It is so important to remember that grief doesn’t go away. Adult grief doesn’t; child grief doesn’t. And children don’t ‘just forget’…
I passionately believe that the hole in your heart doesn’t get any smaller, but the trick is to make the world around it bigger, so that it doesn’t swallow you whole… (See “Mummy, my heart is too small…” )
But some days it still does…
Martin was an avid collector of diecast model police cars – some of which he bought to sell on – which means I have been left with a huuuuuuge collection. Some of which I am definitely going to keep, but a lot are going on ebay. As I was listing some of the more precious ones yesterday, I suddenly felt overwhelmed with grief, sadness and guilt. I burst into tears. Livvy came over and cuddled me, whispering reassuring words like ‘but Mummy, it’s okay’, ‘there are so many’, ‘Daddy wouldn’t mind’ and ‘he would want them to be with someone who loves and appreciates them and displays them, not for them to sit in the loft.’ Alex agreed, and came over for cuddles too.
But once I had stopped crying, Alex started (he was three when his daddy died; he’s 15 now). Big, sad, painful tears full of memories of the day his daddy died, and the grief for fading other ones. “Mum, it’s like a ghost. I mean I think I can remember him, but I don’t know if those are my own memories or memories I have been told about or have seen in photographs. And I can’t remember what he sounds like. I don’t think I would even recognise his voice if I heard it.” I reassured him that I was absolutely 100% sure that he would. “I think even Livvy would recognise his voice,” I said (she was only 11 months when her daddy died), and held him tight. He opened his mouth to speak again, but then he hesitated.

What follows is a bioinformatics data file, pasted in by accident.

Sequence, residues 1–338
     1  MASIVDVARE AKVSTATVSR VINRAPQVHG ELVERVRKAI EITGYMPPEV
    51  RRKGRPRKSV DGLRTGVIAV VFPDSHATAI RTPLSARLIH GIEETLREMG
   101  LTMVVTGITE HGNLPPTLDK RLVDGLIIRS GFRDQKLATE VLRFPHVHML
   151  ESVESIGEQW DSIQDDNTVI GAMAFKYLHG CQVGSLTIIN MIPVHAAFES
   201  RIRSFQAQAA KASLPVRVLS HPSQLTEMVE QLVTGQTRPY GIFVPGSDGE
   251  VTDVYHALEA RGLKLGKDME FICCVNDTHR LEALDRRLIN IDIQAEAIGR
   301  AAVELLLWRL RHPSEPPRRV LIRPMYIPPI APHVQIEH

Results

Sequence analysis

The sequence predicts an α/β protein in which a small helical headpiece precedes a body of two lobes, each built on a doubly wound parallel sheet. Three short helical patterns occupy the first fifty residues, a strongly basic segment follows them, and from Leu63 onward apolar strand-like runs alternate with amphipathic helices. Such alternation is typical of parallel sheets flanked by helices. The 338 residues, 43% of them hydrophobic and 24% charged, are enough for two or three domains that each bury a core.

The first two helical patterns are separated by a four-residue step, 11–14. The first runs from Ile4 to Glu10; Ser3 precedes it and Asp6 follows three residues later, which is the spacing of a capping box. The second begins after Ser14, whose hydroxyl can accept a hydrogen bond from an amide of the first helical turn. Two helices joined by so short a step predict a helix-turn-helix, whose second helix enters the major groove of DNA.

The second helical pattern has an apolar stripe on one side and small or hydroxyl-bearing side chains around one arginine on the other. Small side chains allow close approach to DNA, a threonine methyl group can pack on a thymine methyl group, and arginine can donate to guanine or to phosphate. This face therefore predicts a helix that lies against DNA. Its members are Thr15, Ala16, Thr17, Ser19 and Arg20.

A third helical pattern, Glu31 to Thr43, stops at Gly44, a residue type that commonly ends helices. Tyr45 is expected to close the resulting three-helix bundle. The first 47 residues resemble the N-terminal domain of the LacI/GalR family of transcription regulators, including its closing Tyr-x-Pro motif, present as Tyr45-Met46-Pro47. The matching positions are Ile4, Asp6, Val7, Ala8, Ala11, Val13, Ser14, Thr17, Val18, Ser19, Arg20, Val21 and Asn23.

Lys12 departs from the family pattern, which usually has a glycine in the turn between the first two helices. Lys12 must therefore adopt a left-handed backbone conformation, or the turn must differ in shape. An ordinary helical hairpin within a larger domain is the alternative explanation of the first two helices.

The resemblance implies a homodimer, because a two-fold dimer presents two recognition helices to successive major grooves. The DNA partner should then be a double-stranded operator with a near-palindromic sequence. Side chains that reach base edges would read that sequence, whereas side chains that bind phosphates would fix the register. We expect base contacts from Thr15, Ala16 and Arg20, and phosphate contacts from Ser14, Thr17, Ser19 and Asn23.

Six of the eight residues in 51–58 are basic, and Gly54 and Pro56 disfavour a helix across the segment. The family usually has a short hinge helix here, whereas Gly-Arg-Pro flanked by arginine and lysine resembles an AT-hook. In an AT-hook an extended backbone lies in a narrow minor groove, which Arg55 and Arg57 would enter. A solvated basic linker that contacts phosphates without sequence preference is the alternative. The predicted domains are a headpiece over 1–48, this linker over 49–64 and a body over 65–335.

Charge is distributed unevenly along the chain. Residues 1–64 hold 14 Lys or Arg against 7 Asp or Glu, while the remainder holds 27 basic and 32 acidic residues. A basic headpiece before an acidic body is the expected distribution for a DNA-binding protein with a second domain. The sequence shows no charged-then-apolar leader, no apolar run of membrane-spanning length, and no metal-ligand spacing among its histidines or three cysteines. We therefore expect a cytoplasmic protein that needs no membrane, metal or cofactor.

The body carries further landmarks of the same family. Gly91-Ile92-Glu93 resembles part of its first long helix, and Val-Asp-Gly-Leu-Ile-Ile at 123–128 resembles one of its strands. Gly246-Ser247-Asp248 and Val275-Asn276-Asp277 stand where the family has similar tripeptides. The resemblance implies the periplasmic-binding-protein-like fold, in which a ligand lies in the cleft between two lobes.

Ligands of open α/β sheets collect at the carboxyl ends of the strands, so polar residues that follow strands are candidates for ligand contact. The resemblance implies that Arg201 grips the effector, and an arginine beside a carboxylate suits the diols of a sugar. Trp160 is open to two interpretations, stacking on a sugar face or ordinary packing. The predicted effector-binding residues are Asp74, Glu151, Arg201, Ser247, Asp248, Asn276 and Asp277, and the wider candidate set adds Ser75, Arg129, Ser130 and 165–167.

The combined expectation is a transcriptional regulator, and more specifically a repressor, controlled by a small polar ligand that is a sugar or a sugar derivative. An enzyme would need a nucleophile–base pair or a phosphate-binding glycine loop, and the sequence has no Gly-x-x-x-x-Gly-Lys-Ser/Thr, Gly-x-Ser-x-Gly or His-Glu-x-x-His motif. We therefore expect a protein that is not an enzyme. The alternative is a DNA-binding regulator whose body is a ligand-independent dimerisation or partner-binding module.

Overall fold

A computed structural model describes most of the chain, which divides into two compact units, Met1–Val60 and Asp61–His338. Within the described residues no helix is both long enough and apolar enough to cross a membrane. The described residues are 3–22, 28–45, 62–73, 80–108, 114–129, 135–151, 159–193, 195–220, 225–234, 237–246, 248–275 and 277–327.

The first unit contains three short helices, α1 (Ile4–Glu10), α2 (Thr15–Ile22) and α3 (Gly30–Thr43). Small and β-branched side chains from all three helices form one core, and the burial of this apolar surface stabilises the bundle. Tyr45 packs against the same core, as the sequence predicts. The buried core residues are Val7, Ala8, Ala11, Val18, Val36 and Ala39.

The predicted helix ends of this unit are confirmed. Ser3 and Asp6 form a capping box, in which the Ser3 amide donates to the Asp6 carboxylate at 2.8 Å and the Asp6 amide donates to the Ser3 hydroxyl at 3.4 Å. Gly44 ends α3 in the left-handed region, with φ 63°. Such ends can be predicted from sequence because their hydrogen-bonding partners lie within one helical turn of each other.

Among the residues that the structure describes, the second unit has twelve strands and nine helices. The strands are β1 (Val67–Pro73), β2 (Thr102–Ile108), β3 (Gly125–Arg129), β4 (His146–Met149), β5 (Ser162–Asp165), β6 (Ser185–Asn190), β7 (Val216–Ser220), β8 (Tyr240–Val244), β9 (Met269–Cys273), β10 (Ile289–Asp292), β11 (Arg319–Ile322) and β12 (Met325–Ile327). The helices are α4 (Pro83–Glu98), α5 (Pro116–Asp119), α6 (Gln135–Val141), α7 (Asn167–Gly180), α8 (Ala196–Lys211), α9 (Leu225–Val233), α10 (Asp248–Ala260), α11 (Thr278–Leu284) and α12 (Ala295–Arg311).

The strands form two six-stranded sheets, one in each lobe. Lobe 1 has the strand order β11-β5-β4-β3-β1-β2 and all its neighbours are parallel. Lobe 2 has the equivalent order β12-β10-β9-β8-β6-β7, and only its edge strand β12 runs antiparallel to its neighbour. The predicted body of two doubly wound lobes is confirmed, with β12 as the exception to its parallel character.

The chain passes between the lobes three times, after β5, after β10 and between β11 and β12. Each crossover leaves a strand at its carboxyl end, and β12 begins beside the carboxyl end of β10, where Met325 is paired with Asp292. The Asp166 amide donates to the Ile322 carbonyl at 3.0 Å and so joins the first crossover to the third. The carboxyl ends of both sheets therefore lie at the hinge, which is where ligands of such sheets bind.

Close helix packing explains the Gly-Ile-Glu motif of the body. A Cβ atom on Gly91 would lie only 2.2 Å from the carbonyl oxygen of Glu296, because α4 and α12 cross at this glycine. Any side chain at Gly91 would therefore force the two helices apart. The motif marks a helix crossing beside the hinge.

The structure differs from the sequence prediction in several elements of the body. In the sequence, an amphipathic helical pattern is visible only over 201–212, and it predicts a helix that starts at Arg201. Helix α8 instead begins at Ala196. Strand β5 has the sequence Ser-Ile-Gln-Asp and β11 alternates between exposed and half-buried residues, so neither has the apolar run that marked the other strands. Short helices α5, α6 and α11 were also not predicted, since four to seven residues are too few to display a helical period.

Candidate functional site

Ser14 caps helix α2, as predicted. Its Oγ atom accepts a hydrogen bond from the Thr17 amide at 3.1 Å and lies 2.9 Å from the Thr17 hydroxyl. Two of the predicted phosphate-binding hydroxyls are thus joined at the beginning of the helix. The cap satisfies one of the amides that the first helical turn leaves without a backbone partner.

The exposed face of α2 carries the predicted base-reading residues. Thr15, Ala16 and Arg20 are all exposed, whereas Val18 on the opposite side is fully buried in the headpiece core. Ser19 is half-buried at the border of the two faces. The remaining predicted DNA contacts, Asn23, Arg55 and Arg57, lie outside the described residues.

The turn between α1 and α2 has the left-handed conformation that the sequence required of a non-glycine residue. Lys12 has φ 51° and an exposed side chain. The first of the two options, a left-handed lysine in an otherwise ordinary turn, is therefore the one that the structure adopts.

He looked at me, dipped his gaze, and whispered “I don’t know if I should say this Mum…” I replied: “If in doubt, say it out loud, and then we can look at it and deal with it.” He took a little while longer, while I sat in his sadness, gently touching his arm, waiting for him to speak. Finally he said “Mum, I miss him so much, but I think you miss him more because you have known him longer.” Wow. Instantly I said: “Alex, I think it’s the other way round – I miss him lots, but I think YOU miss him more BECAUSE you didn’t know him for very long…”
And so we talked. Talked about all the big things and the little things. The “Could he have been saved?”, the “If I had been older”, the “It’s not that I don’t like Dad (my second husband)”, and so much more. Feel emotionally drained, but I am so, so grateful to have my baby’s trust. I have always been open and honest with my kids, from day one. And I am so glad they continue to trust me with their thoughts, feelings, emotions, worries and fears. I have always encouraged open conversations, and have never hidden anything from them. “You know you can ask me anything, no matter how awkward or embarrassing, and I will always give you an honest answer” was my mantra, and still is, and they do. And I am so grateful.
Life’s not easy, but it is still beautiful and precious and wonderful and difficult and emotional and everything else in between. I reminded Alex that it is okay to feel sad, but that it’s also okay to feel happy.
In the words of Dr Geoff Warburton in his talk ‘The Adventure of Grief’ at TEDxBrighton: “We honour the dead more by choosing to live well.”
Feb 6, 2021